daniela silvestri

2015 - Ongoing


In the far southeast of Estonia, looking at the Russian soul from this side of Lake Peipsi, we meet the politically unrecognized region of Setomaa, self-proclaimed in 1994 by the Setos, his native people of Ungro-Finnic origin. Today more than ever, the Setos feel the need to preserve - especially for future generations - an identity that, over the centuries, has seen borders move like pieces of a puzzle, still unsolved today. The element that most distinguishes the Setos is a strongly identity culture linked to ancient traditions and indigenous customs, where women play a fundamental role. Hence the festive occasions, between the sacred and the profane, between the solemnity and the goliardia, become fundamental moments in which the Setos, Estonians and Russians, meet and try to defend their future and their uniqueness, above all trying to involve younger generations.

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  • The kingdom of Setomaa was self-proclaimed in 1994 by the Seto, its native people of Hungarian-Finnish origin. Every year the Seto people gather to elect their own King.

  • Lake of Ciudi, also known as Lake Peipsi or Lake Peipus is a vast lake located on the border between Estonia and Russia. This is the Estonian shore, from the port of Rapina, which faces and meets the Russian waters. The visa requirement with neighboring Russia is one of the main reasons for the dispersion of the Seto.

  • There are currently about 10,000 Seto in the world, 4000 in the Estonian region and 3000 in Russia, about half the estimated population in the 20th century. Recurrences and traditional festivals are important occasions in which the Seto meet and break down the borders. There are many young people, Russians and Estonians, who actively participate in these occasions.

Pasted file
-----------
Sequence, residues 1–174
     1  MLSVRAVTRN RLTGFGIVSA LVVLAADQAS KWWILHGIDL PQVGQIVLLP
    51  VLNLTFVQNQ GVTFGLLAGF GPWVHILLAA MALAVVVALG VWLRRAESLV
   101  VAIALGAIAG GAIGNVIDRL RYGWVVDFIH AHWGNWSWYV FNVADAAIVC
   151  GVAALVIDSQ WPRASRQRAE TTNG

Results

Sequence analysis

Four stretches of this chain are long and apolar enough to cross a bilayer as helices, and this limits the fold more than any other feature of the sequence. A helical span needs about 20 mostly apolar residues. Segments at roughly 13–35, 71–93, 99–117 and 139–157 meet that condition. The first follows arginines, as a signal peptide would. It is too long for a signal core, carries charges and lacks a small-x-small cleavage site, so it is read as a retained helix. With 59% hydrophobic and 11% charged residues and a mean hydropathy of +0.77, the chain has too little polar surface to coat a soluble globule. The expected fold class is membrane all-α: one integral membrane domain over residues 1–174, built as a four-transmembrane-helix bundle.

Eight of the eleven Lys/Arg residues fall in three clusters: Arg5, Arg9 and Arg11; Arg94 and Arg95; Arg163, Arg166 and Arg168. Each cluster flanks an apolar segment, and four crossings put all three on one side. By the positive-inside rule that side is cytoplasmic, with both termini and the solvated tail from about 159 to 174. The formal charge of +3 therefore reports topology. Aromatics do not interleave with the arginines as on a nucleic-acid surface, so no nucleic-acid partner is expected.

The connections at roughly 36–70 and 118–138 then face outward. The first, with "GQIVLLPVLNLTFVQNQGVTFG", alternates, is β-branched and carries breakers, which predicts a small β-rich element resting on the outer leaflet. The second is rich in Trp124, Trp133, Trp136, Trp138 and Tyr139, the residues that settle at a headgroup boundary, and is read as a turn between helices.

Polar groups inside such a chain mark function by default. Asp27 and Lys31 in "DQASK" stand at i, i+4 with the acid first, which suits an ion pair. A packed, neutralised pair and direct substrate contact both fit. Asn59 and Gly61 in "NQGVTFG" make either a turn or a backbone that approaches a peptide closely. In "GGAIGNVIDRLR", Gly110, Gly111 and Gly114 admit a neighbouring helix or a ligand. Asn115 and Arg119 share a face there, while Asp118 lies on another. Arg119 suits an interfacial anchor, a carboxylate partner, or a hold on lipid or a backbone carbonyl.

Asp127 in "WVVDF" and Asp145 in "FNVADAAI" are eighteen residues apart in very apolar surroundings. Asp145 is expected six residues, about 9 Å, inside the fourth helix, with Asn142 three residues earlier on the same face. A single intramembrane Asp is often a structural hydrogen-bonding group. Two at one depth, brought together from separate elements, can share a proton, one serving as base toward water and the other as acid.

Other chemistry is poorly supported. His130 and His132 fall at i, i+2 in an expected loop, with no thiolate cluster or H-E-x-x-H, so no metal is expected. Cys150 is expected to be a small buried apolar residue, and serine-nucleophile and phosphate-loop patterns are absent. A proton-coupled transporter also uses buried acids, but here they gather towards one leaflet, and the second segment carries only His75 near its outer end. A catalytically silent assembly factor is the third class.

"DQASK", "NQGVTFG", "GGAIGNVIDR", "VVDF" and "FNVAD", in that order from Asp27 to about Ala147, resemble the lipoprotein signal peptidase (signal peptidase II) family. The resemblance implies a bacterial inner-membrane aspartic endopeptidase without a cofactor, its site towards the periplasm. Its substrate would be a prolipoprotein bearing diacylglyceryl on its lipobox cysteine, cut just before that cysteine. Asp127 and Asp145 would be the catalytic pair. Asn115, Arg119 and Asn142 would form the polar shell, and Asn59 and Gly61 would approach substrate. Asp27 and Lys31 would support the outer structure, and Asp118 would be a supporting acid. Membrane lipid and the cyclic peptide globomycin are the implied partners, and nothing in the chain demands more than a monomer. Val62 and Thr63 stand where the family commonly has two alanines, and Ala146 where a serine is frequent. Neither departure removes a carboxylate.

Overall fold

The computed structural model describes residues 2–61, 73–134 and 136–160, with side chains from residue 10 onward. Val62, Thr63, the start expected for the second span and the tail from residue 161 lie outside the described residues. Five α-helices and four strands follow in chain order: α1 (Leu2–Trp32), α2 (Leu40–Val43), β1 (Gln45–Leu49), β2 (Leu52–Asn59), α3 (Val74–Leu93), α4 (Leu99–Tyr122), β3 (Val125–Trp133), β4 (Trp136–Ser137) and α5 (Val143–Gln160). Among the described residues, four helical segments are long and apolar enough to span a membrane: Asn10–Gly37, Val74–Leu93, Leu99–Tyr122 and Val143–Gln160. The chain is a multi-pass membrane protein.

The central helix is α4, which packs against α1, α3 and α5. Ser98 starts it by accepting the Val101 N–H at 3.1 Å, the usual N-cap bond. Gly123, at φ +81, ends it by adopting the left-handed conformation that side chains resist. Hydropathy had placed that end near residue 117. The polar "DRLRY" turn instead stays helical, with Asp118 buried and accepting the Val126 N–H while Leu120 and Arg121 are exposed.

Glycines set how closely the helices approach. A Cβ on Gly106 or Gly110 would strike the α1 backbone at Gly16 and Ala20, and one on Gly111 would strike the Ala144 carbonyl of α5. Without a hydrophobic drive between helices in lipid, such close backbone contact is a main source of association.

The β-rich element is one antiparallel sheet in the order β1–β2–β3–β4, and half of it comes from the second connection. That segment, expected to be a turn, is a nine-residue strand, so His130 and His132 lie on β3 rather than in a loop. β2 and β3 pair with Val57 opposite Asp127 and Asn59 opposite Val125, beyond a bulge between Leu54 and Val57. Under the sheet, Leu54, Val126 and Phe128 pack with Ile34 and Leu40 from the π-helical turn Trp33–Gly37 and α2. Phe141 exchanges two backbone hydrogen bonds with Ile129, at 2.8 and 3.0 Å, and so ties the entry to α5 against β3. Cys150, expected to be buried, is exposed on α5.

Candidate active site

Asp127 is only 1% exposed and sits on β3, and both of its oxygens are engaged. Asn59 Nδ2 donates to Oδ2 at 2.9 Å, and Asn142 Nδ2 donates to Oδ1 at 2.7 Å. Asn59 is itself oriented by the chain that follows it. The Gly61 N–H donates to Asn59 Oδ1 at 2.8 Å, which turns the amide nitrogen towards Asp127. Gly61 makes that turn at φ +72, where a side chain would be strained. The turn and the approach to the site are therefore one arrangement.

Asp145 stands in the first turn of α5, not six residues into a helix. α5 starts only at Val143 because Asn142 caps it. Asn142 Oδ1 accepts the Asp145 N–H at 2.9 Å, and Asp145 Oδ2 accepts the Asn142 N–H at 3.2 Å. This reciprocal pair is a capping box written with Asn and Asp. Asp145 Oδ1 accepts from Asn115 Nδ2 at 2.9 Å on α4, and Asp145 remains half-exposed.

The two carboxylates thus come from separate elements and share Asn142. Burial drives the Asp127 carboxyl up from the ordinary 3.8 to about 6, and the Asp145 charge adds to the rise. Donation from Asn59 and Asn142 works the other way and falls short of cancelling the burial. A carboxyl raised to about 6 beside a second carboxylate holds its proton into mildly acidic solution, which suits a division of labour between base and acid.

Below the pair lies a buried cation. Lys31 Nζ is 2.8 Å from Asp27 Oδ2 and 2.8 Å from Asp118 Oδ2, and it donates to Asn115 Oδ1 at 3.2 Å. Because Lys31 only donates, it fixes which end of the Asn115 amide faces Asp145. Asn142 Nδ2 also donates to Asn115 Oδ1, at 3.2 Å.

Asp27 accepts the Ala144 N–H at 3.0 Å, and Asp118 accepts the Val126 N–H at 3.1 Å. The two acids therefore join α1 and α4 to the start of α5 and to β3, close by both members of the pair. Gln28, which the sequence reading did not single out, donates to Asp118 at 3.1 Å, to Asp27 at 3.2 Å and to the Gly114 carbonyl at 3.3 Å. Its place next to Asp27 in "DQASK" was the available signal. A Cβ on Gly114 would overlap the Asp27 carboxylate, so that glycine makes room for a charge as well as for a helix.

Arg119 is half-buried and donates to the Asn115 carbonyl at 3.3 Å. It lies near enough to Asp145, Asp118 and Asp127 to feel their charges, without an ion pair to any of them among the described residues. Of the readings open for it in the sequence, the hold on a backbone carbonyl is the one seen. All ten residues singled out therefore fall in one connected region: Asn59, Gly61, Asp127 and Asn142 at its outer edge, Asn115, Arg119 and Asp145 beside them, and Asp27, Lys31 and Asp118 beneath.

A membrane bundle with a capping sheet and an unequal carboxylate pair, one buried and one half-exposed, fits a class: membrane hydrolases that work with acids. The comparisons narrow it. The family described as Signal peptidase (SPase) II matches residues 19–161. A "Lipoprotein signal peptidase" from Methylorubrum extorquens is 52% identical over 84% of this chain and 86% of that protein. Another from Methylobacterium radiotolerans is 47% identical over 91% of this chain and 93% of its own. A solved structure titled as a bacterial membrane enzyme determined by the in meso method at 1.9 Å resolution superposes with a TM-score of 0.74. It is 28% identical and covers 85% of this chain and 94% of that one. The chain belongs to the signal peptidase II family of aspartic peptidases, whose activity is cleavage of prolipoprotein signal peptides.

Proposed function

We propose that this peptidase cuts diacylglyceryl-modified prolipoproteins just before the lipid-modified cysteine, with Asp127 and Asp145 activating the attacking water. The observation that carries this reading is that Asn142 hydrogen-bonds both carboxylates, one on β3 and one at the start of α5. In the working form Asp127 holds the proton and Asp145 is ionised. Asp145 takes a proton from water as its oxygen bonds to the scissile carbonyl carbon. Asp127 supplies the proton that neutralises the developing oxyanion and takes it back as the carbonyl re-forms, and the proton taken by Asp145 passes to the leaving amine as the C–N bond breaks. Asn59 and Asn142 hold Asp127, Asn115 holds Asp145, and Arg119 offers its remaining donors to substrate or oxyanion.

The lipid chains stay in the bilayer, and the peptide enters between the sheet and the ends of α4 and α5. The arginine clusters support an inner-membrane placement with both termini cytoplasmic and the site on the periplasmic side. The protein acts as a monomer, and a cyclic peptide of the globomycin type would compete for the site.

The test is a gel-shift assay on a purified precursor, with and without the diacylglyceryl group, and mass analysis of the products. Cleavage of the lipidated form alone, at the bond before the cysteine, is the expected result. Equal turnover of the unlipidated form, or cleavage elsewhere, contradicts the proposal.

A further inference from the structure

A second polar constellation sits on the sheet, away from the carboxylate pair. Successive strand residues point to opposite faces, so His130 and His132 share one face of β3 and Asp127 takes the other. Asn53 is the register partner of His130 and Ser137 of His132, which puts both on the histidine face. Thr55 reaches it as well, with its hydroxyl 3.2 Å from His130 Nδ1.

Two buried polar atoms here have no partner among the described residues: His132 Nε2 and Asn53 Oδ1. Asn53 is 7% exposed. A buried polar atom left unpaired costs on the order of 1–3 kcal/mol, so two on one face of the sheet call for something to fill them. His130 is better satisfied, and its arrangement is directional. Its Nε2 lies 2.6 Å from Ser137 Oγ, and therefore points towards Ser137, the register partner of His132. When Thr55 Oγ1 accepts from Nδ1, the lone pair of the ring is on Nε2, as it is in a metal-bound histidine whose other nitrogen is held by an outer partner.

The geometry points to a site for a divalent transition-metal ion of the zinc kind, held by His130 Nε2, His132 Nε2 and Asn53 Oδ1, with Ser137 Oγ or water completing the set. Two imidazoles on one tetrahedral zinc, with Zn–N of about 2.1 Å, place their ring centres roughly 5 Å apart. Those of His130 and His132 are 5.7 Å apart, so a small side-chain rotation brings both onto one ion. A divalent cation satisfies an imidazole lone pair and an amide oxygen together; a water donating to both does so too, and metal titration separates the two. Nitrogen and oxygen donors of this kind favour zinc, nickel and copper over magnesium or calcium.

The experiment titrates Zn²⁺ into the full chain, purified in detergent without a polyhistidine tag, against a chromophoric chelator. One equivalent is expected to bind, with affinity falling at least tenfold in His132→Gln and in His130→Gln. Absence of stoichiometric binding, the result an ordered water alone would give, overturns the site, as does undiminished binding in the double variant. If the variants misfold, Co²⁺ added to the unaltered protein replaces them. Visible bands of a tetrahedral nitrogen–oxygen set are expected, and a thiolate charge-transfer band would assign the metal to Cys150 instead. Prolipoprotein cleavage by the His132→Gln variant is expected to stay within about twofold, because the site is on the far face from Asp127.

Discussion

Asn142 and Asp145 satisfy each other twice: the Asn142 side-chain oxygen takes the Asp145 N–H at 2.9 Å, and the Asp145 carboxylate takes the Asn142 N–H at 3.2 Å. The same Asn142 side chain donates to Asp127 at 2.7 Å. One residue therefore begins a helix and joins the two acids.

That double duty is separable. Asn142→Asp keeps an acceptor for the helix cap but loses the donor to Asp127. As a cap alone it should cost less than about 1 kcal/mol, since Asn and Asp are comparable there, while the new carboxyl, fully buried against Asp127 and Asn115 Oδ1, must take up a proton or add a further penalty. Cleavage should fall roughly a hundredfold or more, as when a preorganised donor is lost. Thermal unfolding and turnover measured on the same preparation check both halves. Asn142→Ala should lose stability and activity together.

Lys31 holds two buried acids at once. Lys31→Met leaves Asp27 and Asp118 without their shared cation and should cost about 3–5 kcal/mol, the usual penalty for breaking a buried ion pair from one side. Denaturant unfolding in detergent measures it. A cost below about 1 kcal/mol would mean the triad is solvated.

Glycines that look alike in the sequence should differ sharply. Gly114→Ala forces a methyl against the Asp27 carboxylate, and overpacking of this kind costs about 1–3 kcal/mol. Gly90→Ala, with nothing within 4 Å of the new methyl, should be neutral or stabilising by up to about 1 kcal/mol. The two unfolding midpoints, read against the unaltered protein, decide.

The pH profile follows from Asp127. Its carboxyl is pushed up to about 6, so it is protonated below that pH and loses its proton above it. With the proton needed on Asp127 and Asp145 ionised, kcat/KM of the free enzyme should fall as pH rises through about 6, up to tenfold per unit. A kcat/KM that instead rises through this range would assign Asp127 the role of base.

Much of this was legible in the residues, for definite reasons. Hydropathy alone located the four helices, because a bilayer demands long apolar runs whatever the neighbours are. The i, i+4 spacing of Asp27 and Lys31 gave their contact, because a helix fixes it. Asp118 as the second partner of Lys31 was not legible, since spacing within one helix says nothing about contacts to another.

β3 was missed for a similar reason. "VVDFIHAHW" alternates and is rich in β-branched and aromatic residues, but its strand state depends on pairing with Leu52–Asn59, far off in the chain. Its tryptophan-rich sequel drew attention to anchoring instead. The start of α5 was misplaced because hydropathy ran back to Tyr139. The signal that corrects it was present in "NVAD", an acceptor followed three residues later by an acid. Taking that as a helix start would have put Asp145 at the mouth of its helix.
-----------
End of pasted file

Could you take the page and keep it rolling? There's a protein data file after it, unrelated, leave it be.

• The Seto are of Orthodox Christian religion. Every year on the day before Paasapäiv, or the Feast of the Transfiguration, a procession is held to the nearby lake, accompanied by several faithful. Father Viktor, from the Obinitsa church, is waiting to bless the cross in the water of the lake.

  • The day before the Feast of the Transfiguration, a small procession touches some of the most important places of worship and identity in the town of Obinitsa. However, this small procession is very much felt by the inhabitants of the village, even by young people.

  • According to the Orthodox tradition, gathering on the graves of loved ones to share a meal together strengthens the relationship and the bond with one's roots and families. Transfiguration Day is one of those occasions when everyone gathers in the Obinitsa cemetery to celebrate together with deceased loved ones and community members.

  • The relationship with the dead is deeply felt by SETO, even by young people, so the care of the cemeteries and graves of loved ones is always impeccable.

  • The pop-up café day is a day in which the SETO homes open to everyone to share an important moment of conviviality. For the occasion, some of the main dishes of the SETO tradition are prepared and offered to all visitors and young people are the first to get behind the stove.